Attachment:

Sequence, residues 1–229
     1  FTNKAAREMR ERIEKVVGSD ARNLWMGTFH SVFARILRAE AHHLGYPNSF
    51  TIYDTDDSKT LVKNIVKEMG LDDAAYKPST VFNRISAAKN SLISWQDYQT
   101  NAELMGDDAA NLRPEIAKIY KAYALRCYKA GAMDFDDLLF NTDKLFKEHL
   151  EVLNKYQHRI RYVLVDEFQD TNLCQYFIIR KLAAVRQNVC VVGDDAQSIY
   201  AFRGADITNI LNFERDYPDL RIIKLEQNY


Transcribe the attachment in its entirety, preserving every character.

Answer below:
Sequence, residues 1–229
     1  FTNKAAREMR ERIEKVVGSD ARNLWMGTFH SVFARILRAE AHHLGYPNSF
    51  TIYDTDDSKT LVKNIVKEMG LDDAAYKPST VFNRISAAKN SLISWQDYQT
   101  NAELMGDDAA NLRPEIAKIY KAYALRCYKA GAMDFDDLLF NTDKLFKEHL
   151  EVLNKYQHRI RYVLVDEFQD TNLCQYFIIR KLAAVRQNVC VVGDDAQSIY
   201  AFRGADITNI LNFERDYPDL RIIKLEQNY